Use this URL to cite or link to this record in EThOS: http://ethos.bl.uk/OrderDetails.do?uin=uk.bl.ethos.491466
Title: God, emotion and impassibility
Author: Scrutton, Anastasia Philippa
ISNI:       0000 0001 3391 6697
Awarding Body: Durham University
Current Institution: Durham University
Date of Award: 2008
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Abstract:
The current theological climate presents two extremes in speaking of the emotional life of God: Passibilism, which affinns the fullness of God's emotional life, and impassibilism,which (claiming fidelity to traditional orthodox Christianity) asserts that God cannot experience emotions. Likewise, contemporary 'philosophy of emotion is characterised by the extremes of cognitive views of emotion on the one hand, and non-cognitive, physiological or 'feelings' views on the other. In this thesis I argue for a more nuanced account of both impassibility and emotion. I seek to show how a more subtle account of emotion may benefit contemporary philosophy of emotion, and how re-conceiving both impassibility and emotion would provide alternative possibilities within theology for speaking of God's emotional life. I begin by showing how the depiction of early impassibilism and modem passibilism as polar opposite views with few theologians inhabiting a middle ground is an oversimplification that neglects those in both camps who argue that God might choose to experience emotions and to suffer, such that God's emotions would not be contrary to God's will or challenge his omnipotence. I then argue that a reappropriation of the Augustinian and Thomist distinction between passiones (emotions that are arational, involuntary, and in Thomas, essentially physiological) and a.ffectiones (emotions that are potentially rational, in accordance with the will, and are not· essentially bodily) as a distinction within the overarching and less discriminating category of 'emotion' may provide important options for both theologians and philosophers of emotion that have previously been overlooked. I continue by exploring the relationship between emotions and intelligence, will, and the body, and the theological implications of this for divine omniscience, omnipotence and incorporeality. I suggest that applying the distinction between passiones and afJectiones to contemporary theology and philosophy of emotion contributes to creating a more plausible middle ground between passibilism and impassibilism, and between cognitive and feelings accounts ofemotion.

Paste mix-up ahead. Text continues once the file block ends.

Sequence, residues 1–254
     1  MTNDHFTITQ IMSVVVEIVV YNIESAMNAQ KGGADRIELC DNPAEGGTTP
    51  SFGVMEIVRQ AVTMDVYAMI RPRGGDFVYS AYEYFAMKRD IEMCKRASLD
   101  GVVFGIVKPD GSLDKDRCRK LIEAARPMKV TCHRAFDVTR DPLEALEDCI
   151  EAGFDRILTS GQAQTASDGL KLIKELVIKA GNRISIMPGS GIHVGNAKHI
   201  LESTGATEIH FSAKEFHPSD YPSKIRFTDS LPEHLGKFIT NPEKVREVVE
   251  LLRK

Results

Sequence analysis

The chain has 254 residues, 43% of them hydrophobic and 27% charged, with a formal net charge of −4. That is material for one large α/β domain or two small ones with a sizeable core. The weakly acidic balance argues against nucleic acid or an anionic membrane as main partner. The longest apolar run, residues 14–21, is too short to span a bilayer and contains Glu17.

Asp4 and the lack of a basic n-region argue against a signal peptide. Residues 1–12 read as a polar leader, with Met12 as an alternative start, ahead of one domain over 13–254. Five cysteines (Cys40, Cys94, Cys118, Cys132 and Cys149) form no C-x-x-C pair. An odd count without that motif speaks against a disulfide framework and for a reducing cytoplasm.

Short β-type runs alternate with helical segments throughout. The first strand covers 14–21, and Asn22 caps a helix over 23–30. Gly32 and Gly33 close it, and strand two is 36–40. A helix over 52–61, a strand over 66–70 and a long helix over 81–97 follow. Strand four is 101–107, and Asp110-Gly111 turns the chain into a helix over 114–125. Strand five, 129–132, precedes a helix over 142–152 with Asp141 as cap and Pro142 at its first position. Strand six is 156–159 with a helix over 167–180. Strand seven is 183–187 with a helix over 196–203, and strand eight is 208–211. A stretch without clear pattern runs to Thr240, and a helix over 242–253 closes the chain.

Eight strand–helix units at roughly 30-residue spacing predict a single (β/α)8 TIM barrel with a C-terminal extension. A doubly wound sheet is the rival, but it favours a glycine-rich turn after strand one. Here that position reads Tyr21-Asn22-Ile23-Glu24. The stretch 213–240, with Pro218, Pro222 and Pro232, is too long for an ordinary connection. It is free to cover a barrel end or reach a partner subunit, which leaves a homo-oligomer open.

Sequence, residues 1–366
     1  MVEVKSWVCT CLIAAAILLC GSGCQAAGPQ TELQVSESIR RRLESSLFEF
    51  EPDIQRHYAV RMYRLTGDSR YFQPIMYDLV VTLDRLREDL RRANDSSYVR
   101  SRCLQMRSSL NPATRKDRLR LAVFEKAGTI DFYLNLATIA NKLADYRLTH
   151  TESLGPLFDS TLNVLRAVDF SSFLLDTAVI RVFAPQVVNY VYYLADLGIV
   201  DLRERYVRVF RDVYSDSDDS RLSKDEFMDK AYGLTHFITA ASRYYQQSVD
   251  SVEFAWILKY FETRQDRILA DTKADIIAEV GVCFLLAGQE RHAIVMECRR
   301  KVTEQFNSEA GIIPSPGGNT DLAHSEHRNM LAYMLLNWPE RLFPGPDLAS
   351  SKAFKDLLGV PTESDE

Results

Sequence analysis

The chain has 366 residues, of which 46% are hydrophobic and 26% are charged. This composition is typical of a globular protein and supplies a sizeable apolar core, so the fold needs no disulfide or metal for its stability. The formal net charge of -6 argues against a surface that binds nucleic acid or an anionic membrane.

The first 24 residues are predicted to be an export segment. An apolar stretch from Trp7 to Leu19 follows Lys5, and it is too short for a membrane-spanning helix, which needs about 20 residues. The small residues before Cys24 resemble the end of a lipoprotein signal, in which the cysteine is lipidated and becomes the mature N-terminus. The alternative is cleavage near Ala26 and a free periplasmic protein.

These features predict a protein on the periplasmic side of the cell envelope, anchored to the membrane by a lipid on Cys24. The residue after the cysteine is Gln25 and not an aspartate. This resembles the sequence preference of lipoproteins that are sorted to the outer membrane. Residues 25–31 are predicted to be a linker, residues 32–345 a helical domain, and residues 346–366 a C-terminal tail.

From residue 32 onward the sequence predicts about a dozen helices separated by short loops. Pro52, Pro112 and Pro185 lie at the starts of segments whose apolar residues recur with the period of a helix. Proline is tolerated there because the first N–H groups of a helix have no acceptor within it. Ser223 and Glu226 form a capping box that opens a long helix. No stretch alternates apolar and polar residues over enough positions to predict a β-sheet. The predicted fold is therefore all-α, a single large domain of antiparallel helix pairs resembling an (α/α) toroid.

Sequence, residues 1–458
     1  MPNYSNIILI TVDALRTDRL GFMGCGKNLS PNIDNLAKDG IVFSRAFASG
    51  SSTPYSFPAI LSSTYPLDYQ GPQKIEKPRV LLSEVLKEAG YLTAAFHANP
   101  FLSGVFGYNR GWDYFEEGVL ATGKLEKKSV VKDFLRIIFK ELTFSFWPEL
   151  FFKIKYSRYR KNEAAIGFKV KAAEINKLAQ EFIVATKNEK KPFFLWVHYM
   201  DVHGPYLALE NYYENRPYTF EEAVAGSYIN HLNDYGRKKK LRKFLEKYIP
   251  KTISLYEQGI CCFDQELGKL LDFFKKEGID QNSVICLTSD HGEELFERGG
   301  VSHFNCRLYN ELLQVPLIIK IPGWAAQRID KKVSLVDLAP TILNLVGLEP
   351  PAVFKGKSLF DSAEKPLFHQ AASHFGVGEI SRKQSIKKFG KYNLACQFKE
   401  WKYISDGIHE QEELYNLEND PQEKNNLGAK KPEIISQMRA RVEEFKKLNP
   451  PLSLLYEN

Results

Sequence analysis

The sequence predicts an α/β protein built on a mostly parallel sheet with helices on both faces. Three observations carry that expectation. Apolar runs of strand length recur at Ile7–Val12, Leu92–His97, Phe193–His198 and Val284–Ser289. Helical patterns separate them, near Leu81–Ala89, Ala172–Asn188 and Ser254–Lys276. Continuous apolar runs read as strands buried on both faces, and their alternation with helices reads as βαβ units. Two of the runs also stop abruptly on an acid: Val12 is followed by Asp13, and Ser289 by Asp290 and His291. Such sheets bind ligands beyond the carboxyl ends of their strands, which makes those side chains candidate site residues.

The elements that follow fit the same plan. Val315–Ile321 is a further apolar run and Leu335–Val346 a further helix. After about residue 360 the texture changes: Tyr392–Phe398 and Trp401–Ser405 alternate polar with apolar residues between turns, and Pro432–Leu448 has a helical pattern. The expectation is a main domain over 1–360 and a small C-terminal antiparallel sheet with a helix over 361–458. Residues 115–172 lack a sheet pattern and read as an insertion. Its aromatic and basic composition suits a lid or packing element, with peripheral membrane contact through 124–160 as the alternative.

Supervisor: Not available Sponsor: Not available
Qualification Name: Thesis (Ph.D.) Qualification Level: Doctoral
EThOS ID: uk.bl.ethos.491466  DOI: Not available
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